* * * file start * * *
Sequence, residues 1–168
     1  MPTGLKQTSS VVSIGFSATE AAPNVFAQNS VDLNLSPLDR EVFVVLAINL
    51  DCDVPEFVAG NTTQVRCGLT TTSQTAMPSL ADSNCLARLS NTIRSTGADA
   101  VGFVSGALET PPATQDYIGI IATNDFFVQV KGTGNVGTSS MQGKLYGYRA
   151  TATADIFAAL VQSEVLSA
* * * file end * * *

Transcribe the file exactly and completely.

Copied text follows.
Sequence, residues 1–168
     1  MPTGLKQTSS VVSIGFSATE AAPNVFAQNS VDLNLSPLDR EVFVVLAINL
    51  DCDVPEFVAG NTTQVRCGLT TTSQTAMPSL ADSNCLARLS NTIRSTGADA
   101  VGFVSGALET PPATQDYIGI IATNDFFVQV KGTGNVGTSS MQGKLYGYRA
   151  TATADIFAAL VQSEVLSA